By APRIL DIODATO
OBSERVER Lifestyles Editor
Ron Nasca buzzes around Mudslingers, giving advice to his students, discussing the background of his studio and detailing the creation of ceramics at a dizzying pace. He does not stand still for more than half a moment.
OBSERVER Photo by April Diodato
‘Empty bowls’ at the Mudslingers pottery studio waiting to be taken home.
Nasca opened the Mudslingers studio at its current location in downtown Fredonia (beside the Eastside Grille) in 2005. The Fredonia native, now a Dunkirk resident, began teaching in Westfield at another studio before he started his own.
"The steel plant closed so I had to do something, and I started a second career teaching pottery," Nasca said.
Each time, he begins the first day of class by doing a demonstration on how to throw a bowl and then asks his new students, "Who doesn't think they can do this?" Nearly every hand is raised in response.
Empty Bowls 2010 Fundraiser
When: Saturday, Dec. 4, 11 a.m. to 2 p.m.
Where: St. John's United Church of Christ, 733 Central Ave., Dunkirk
Cost: Bowls come in $10, $20 and $30 sizes; contributions go entirely to local food pantries
Why: Help feed the hungry - buy a one-of-a-kind ceramic bowl made by a local potter and get free soup served by 'For Your Pleasure" Caterers; live music
"By the end of the night, they have five or six done," Nasca said. "I prove them wrong again and again! I've been able to teach everybody who's come down here."
From police officers to teachers to artists new and old, amateur and professional, the potters at Mudslingers are more varied than the Village People. The exact number is unknown (when prompted, Nasca replied, "I have no idea and I don't want to know, because it would drive me crazy.") but they come from throughout Chautauqua County. On an evening in early November, many were gathered to create ceramics for the upcoming Empty Bowls fundraiser while others tended to individual projects.
The admittedly-shy Hide Sadohara said making pottery at Nasca's studio helped him become acquainted with his new town. Originally from Japan, Sadohara has taught ceramics at SUNY Fredonia for four years and discovered Mudslingers from a fellow college professor. Sadohara had worked for The Clay Studio, a nonprofit organization, in Philadelphia for eight years where they did fundraisers similar to Empty Bowls every few months to give back to the community.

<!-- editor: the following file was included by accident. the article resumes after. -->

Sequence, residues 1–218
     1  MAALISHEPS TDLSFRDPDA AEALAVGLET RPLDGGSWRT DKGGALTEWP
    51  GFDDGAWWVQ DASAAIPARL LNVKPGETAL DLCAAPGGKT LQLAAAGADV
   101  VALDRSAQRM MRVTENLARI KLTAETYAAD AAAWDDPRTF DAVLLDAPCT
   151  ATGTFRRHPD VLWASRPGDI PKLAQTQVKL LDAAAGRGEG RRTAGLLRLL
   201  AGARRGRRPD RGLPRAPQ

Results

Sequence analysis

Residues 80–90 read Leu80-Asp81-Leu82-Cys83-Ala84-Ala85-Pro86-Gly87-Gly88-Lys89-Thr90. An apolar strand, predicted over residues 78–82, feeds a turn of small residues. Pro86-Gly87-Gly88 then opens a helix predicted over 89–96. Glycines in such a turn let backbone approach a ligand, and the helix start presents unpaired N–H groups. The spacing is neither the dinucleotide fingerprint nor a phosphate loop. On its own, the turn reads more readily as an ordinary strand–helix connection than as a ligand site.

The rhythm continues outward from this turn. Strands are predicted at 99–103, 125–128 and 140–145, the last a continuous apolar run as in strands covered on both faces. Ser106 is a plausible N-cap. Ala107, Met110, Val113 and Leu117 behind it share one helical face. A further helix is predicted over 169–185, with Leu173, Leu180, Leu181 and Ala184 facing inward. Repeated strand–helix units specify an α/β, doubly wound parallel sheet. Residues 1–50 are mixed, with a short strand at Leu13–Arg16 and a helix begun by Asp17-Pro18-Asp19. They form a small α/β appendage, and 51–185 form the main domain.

"It's just really natural to me and it's fun, too," Sadohara said of creating ceramics. "Everywhere you go, virtually everywhere in the United States, you run into potters. Any potters' space becomes something of a community hub. You're learning a skill and at the same time, getting to know local people - it's the best way to socialize."
Sadohara worked on a bowl as he spoke.
"Naturally, I'm pretty socially awkward," he said with a laugh, "But with the clay, I can communicate easily with people because we speak the same language."
ONE BOWL AT A TIME
The Empty Bowls effort aims to help end hunger one bowl at a time. The annual event will be held Saturday, Dec. 4, from 11 a.m. to 2 p.m. at St. John's United Church of Christ, 733 Central Ave. in Dunkirk.
At the fundraiser, people may pick out the one-of-a-kind ceramic bowl of their choice, make a tax-deductible contribution and then may enjoy free soup served in their new bowl. Pat and Sylvia Bailey of "For Your Pleasure" Caterers of Dunkirk will provide several soups comprised of ingredients donated by local gardeners and merchants. For those who prefer their soup less carnivorous, at least one soup will be vegetarian.
"We were running out of places to sit down last year," Nasca said, adding that there will be more table space added at this year's event. "It's a lot of fun."
After eating, meeting and greeting, the bowl is washed, wrapped and ready to take home to be kept or perhaps given as a gift. Bowls come in $10, $20 and $30 increments, and all donations go entirely to local food pantries.
Nasca estimated that about 450 of the Empty Bowls would come from the Mudslingers studio; about 700 total will be for sale on Dec. 4. The SUNY Fredonia ceramics faculty contributed to the effort as well as other potters working in their own studios. The local Empty Bowls effort is sponsored by the Fredonia Potters Co-Op.
"A whole bunch of people here have a generosity of spirit and want to take their skill namely, making a bowl on potters' wheel and make an income for people who are hungry," local Empty Bowls coordinator Marvin Bjurlin said as he worked at the wheel.
Empty Bowls is an international organization originally formed in 1990 by Michigan teachers and husband-and-wife team John Hartom and Lisa Blackburn. Their Empty Bowls effort has one stipulation: "Keep it local." The couple continues to maintain a website documenting the Empty Bowls phenomenon around the globe at www.emptybowls.net.
Locally, Empty Bowls has been held annually about 15 years ago, Bjurlin estimates. It started as smaller-scale effort on campus at SUNY Fredonia and evolved into an initiative that raises a significant amount of funds for the community's hungry. (Nasca would rather not divulge the exact numbers but the figure is impressive).
"From the get-go, throughout the entire history of ceramics, the bowl has been used for food," said Bjurlin, a former ceramics instructor. "Before a bowl, we had our hands."
For more information on the local Empty Bowls effort, contact coordinator Marvin Bjurlin at 672-9151 or email@example.com.
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